1 From the SelectedWorks of Azman Ismail Summer June 7, 2015 The Influence of Process Parameters on the Temperature Profile of Friction Stir Welded Aluminium Alloy 6063-T6 Pipe Butt Joint Azman Ismail Mokhtar Awang Shaiful Hisham Samsudin Available at:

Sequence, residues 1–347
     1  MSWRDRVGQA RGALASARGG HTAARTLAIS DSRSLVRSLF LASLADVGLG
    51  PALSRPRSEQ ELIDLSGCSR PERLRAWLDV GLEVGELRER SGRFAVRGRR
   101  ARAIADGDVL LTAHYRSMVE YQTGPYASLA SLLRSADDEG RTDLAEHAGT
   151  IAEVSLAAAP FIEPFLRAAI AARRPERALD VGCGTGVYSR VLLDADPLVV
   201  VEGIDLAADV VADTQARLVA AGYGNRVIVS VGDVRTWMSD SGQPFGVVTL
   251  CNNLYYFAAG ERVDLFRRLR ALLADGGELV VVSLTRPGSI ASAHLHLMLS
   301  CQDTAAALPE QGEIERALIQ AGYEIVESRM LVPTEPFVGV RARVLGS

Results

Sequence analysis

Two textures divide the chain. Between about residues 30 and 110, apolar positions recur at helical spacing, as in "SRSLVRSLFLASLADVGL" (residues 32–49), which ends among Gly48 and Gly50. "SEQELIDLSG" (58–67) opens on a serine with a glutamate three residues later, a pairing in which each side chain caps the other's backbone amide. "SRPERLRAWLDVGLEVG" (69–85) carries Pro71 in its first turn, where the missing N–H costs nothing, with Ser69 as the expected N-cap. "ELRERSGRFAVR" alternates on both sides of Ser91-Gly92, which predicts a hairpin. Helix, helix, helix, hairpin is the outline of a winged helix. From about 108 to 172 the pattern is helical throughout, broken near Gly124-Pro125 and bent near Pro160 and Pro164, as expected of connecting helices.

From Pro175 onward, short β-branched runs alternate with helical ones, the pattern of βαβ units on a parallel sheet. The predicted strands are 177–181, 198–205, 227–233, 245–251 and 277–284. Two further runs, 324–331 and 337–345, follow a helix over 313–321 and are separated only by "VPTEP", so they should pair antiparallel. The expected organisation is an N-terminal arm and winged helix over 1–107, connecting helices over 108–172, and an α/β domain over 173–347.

2 The Influence of Process Parameters on the Temperature Profile of Friction Stir Welded Aluminium Alloy 6063-T6 Pipe Butt Joint Azman Ismail, Mokhtar Awang and Shaiful Hisham Samsudin Abstract The temperature profile of friction stir welded aluminum alloy 6063-T6 pipe joints will be investigated in this paper. A pipe with an outside diameter of 89 mm and a wall thickness of 5 mm will be used as test pipe piece for this experiment on closed butt joint configuration by utilizing a Bridgeport 2216 CNC milling machine and orbital clamping unit which is specially-designed to cater for this task and function. Several samples will be prepared with varying process parameters such as rotational speed and travel speed. A very simple tool was used with a flat shoulder and a cylindrical pin. An infra-red thermometer will be employed to assess the temperature profile of the friction stir welded pipe butt joints during the experiment. The correct selection of process parameters will lead to a better joining condition of the welded joint. Several good samples were produced by this experiment setting. Keywords Temperature profile AA6063-T6 pipe Butt joint Friction stir welding Bridgeport 2216 CNC milling machine A. Ismail (&) Universiti Kuala Lumpur Malaysian Institute of Marine Engineering Technology, Jalan Pantai Remis, Lumut, Perak, Malaysia M. Awang S.H. Samsudin Department of Mechanical Engineering, Universiti Teknologi PETRONAS, Bandar Seri Iskandar, Tronoh, Perak, Malaysia S.H. Samsudin Springer International Publishing Switzerland 2015 A. Öchsner and H. Altenbach (eds.), Mechanical and Materials Engineering of Modern Structure and Component Design, Advanced Structured Materials 70, DOI / _19 243